The parental consent and other individual eligibility requirements of the law of jihad are not merely technical rules or concerned only with parental control. Read narrowly, they illustrate that jihad—and to be clear, ISIS’ campaign of carnage is not jihad—is not to be undertaken capriciously or to the unjustifiable detriment of individuals, families, and societies. More broadly, these rules (with others) advance wider objectives of Islamic law.

For ISIS, which mangles Islam for branding purposes, the Islamic law of war is clearly irrelevant, including settled rules as to what constitutes jihad and governs its conduct. In breach of Islamic Law, ISIS recruits young men and women to enlist, behind the backs and against the will of their parents and families, in its fake jihad. The group grooms and deploys children as “soldiers” to commit atrocities, including against themselves. ISIS recruiters urge young targets to steal from their parents to finance their surreptitious travels to ISIS locales. One ISIS fighter reportedly executed his mother in public.  

ISIS’ assault on Islam and Muslims does not start or end there. ISIS’ victims are overwhelmingly MuslimThe group murders men, women, and children; destroys cities, towns and Muslim-majority countries; makes orphans of children; displaces families and communities; extorts money and private property from civilians; rapes girls and women;  and brutalizes captives who are akin to prisoners of war, such as Muath Al Kasasbeh, the Royal Jordanian Air Force pilot burned alive in a cage by ISIS.

These and other of ISIS’ crimes contravene bright line rules and precedents of Islamic law, not only on war, but also on the treatment of orphans, private property rights (including against government taking without legal cause and compensation at fair market value), the treatment of Muslims by other Muslims, and dealings with non-Muslims.

The Qur’an enjoins Muslim unity and condemns the killing, eviction, and displacement of Muslims by other Muslims. For the perpetrators of these acts, the Qur’an calls out their hypocritical cherry picking of its verses and promises a penalty:

“After this it is ye, the same people, who slay among yourselves, and banish a party of you from their homes; assist (Their enemies) against them, in guilt and transgression; and if they come to you as captives, ye ransom them, though it was not lawful for you to banish them. Then it is only a part of the [Qur’an] that ye believe in, and do you reject the rest?  But what is the reward for those among you who behave like this but disgrace in this life? And on the Day of Judgment they shall be consigned to the most grievous penalty. For Allah is not unmindful of what ye do.” (Qur’an, 2:85).

In war, the Prophet Mohammed instructed Muslim soldiers to not embezzle property, mistreat captives, or kill women and children. In peace, the Prophet established and adhered to treaties providing for, among other matters, respect for non-Muslims. For example, in the Treaty with the People of Najran (in modern Saudi Arabia), the Prophet pledged that:

“The people of Najran . . . will have . . . the protection of God and of His Messenger as regards their lives, wealth, churches, monkhood, bishopric, and (affairs of) those present and absent . . . No bishop will be removed from his bishopric, nor a vicar from his vicarage nor a monk from his monastery. They (the people) will not be expelled from their lands . . . Their lands will not be trampled upon by any army and whoever makes a claim will be afforded justice within Najran. All this on the condition that they will not deal in riba . . .” [riba, often understood as, but is not limited to, monetary interest or usury].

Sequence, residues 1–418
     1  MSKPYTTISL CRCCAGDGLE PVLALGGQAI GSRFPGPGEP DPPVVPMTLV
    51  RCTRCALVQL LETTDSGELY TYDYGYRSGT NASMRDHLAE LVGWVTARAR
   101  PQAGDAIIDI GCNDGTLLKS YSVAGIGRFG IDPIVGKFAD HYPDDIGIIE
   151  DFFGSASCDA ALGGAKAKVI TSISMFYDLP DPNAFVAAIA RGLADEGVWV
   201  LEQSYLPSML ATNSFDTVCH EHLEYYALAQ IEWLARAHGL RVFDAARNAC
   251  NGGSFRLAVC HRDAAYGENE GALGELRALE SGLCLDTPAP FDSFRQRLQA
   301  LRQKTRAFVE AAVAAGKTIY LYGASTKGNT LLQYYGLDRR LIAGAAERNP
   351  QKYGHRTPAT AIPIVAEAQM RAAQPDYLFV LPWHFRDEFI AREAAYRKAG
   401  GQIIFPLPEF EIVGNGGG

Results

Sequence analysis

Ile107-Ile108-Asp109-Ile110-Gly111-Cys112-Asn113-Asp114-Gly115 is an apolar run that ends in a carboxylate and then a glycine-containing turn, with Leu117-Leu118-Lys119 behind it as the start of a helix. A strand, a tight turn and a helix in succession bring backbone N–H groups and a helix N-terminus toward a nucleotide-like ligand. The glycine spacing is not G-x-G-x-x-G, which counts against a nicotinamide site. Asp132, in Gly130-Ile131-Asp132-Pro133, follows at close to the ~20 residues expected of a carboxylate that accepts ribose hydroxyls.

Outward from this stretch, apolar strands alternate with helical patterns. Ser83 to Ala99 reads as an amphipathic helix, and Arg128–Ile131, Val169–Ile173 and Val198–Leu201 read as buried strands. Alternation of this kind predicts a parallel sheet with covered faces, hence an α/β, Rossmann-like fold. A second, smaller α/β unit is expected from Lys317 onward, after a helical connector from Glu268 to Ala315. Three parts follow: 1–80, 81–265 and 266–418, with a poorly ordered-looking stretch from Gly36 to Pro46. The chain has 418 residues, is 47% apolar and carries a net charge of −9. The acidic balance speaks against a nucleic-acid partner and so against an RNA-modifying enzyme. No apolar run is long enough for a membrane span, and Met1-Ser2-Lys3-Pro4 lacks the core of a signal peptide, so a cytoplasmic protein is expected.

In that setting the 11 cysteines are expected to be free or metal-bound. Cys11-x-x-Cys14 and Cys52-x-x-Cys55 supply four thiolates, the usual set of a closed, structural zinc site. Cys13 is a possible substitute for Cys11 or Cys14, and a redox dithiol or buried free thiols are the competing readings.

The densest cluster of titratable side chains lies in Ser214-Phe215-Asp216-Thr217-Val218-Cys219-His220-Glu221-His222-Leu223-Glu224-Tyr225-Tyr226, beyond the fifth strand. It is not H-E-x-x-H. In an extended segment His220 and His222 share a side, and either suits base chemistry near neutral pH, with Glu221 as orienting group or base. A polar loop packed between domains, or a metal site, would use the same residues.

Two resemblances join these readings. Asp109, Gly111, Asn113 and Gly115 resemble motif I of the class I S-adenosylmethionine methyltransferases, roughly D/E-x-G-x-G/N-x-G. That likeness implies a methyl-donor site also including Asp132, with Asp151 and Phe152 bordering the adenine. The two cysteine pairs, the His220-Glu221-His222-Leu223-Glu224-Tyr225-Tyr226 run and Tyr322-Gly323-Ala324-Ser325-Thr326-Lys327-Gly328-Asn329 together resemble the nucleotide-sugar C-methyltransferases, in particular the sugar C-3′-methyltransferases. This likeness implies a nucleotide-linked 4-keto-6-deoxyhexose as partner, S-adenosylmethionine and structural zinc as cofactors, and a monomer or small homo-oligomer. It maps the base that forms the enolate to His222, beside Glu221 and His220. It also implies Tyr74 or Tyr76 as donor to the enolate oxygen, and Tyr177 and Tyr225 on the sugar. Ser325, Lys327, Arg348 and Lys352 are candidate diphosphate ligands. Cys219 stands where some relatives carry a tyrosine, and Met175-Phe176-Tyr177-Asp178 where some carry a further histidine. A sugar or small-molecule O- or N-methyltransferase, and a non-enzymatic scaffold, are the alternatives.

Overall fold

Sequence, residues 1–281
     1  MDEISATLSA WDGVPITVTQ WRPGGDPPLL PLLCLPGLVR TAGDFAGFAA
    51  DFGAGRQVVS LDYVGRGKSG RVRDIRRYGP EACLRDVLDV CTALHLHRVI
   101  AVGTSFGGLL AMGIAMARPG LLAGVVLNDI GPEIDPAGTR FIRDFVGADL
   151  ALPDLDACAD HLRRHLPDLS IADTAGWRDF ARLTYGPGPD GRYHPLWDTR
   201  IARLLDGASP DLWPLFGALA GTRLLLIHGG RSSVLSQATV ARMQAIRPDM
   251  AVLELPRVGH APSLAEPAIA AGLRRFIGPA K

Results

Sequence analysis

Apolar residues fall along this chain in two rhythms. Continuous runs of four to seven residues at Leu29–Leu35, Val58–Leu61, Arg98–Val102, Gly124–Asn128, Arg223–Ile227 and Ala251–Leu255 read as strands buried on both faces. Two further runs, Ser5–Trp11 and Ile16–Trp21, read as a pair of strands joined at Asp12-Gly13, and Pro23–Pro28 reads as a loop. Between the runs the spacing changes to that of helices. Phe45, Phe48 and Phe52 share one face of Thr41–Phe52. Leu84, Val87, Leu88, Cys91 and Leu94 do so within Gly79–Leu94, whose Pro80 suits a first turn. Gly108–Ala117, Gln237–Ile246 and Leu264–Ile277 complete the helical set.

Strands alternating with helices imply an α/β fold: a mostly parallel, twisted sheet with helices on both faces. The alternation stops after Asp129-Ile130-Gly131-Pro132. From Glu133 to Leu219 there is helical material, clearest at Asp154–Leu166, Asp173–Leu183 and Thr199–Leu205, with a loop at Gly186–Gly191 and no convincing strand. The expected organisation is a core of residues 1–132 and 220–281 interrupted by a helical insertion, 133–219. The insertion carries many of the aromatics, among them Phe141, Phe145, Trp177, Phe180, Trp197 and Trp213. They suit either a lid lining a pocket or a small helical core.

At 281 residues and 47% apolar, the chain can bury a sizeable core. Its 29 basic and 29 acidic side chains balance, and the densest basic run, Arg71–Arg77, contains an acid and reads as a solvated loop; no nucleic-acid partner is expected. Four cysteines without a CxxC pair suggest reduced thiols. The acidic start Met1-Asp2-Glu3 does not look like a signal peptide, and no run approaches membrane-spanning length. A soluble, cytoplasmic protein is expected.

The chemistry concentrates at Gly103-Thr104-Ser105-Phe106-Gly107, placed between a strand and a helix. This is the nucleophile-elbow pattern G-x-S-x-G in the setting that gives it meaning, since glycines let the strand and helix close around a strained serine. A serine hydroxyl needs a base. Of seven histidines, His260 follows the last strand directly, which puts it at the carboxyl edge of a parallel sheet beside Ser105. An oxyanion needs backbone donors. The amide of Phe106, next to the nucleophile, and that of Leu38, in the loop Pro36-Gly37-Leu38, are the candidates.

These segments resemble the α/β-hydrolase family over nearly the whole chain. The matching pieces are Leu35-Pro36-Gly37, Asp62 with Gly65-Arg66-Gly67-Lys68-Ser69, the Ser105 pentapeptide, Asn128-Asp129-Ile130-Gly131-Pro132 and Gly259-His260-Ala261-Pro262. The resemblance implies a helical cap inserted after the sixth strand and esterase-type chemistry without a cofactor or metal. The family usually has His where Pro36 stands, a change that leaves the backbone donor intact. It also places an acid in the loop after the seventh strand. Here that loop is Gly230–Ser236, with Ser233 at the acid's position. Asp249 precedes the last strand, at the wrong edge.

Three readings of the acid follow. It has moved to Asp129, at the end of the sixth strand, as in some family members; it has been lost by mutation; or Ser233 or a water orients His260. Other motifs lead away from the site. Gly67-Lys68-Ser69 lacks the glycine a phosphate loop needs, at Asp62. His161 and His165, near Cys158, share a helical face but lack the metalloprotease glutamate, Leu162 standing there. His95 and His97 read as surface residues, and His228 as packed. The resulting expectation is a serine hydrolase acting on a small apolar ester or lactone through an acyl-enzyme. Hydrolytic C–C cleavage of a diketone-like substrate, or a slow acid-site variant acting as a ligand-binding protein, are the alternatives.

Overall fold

Other treaties and agreements made by the Prophet—such as with the Jewish community of Medina, providing, among other things, that the “Jews have a right to their religion and the believers [Muslims] to theirs”—illustrate a similar orderliness of state affairs and respect for others, as decreed by the Qur’an (wherein, for example, Allah (swt) instructs the Prophet to say to the disbelievers: “For you is your religion, and for me is my religion."(Qur’an 109:6)). 

Not only does ISIS deform and defy specific Islamic legal rules, the group’s goals and means of achieving them are diametrically opposite to Islam’s affirmative objectives. The five “higher objectives” of Islamic Law, according to the centuries-old consensus of qualified Islamic jurists, are the preservation of the Islamic faith, human life, progeny, the faculty of reason, and material wealth. One needn’t be an Islamic scholar to see the radical discordance between ISIS’ conduct and Islam’s objectives—ISIS has assailed Islam, taken human life, destroyed families, polluted minds, and thieved wealth.

Where, truly, is the Islam in the “Islamic State”? 

The fate of ISIS’ reputed remains uncertain. His status, while politically and tactically consequential, has no inherent religious significance. As amply demonstrated by its conduct and cataclysmic “ideology,” ISIS’ “Islam” is stagecraft designed to cloak its existence in religious meaning.

Those Muslims and non-Muslims who genuinely believe that ISIS is an unadulterated outgrowth of Islam should make even minimal efforts to acquaint themselves with the true Islam of the Qur’an and Sunnah, rather than the phantasm of ISIS tweets, Hollywood knockoffproductions, and video game-inspired propaganda. They will discover that ISIS’ Islam is as fake as the name “Abu Bakr al-Baghdadi” and the sham “caliphate” over which the group’s lead actor purports to preside.  

***                                                 

*The author is a lawyer and adjunct law professor who teaches Islamic commercial law. The opinions expressed are the author’s alone.

Note: Quotations of the Qur’an are from Abdulla Yusuf Ali, The Meaning of the Holy Qur’an (Amana Publications, 11th ed. 1425 AH/2004 CE).